Making Your Attitude

“Men and boys are learning all kinds of trades but how to make men of themselves. They learn to make houses; but they are not so well housed, they are not so contented in their houses, as the woodchucks in their holes.  What is the use of a house if you haven’t got a tolerable planet to put it on? — If you cannot tolerate the planet that it is on?  Grade the ground first.  If a man believes and expects great things of himself, it makes no odds where you put him, or what you show him … he will be surrounded by grandeur.  He is in the condition of a healthy and hungry man, who says to himself, — How sweet this crust is!”

Henry David Thoreau, Letter to Harrison Blake 20 May 1860; emphasis added, published in Familiar Letters 1865.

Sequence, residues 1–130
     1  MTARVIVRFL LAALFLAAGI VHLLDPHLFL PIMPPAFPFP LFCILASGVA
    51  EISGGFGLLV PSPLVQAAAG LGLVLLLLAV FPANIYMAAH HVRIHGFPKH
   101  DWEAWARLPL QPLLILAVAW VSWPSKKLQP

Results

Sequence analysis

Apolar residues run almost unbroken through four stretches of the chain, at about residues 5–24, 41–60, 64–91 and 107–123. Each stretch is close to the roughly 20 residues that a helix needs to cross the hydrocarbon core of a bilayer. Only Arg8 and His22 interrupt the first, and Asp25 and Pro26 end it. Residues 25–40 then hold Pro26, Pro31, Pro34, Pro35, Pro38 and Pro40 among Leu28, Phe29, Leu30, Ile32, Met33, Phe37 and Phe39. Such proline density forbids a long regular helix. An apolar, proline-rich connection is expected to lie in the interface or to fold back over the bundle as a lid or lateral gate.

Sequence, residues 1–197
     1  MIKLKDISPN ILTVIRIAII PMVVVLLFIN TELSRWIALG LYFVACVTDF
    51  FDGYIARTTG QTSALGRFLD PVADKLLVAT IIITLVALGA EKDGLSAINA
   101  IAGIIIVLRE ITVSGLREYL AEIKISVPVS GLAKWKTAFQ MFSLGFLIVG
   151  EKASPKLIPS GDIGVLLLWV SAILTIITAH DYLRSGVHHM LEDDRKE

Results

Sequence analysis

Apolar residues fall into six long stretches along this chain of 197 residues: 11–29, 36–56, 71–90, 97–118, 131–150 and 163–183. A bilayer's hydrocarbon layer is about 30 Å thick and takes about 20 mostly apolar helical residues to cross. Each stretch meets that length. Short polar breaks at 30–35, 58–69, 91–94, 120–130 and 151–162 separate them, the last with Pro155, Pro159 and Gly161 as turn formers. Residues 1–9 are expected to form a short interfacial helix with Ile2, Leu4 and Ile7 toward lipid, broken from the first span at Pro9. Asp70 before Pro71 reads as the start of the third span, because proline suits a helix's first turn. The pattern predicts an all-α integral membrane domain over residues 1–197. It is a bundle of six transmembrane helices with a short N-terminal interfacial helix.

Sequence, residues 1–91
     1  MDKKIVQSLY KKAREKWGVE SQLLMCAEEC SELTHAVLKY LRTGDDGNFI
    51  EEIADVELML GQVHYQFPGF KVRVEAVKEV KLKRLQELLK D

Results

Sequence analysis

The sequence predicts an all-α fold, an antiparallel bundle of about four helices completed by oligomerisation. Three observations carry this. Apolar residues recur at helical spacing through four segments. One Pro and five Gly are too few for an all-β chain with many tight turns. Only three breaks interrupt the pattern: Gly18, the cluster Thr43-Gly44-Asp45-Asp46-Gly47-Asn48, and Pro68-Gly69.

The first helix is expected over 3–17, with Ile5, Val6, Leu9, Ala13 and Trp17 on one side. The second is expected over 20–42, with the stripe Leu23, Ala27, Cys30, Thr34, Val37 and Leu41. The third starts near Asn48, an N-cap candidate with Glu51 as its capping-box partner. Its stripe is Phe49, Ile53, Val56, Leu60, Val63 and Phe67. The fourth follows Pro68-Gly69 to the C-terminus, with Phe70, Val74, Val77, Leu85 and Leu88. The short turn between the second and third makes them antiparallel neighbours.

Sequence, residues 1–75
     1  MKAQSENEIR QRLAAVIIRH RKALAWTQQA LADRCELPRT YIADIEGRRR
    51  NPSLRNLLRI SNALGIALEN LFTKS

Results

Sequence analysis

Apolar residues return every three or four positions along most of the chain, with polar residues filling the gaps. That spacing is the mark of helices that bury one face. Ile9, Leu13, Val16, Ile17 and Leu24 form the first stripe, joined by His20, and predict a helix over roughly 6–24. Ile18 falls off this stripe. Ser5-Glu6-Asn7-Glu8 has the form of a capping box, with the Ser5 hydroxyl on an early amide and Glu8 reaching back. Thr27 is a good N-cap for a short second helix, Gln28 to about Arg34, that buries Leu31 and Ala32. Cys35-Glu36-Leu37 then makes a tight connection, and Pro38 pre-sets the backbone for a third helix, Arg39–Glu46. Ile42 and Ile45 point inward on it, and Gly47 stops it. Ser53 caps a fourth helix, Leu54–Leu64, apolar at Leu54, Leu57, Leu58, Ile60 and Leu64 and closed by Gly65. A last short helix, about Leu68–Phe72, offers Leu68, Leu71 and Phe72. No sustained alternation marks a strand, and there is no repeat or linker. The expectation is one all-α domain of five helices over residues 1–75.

https://mercuriuspoliticus.files.wordpress.com/2010/11/448px-formschneider-1568.png

“The fault-finder will find faults even in paradise”

WaldenScan

However mean your life is, meet it and live it; do not shun it and call it hard names. It is not so bad as you are. It looks poorest when you are richest. The fault-finder will find faults even in paradise. Love your life, poor as it is. You may perhaps have some pleasant, thrilling, glorious hours, even in a poorhouse. The setting sun is reflected from the windows of the almshouse as brightly as from the rich man’s abode; the snow melts before its door as early in the spring. I do not see but a quiet mind may live as contentedly there, and have as cheering thoughts, as in a palace.

Henry David Thoreau, Walden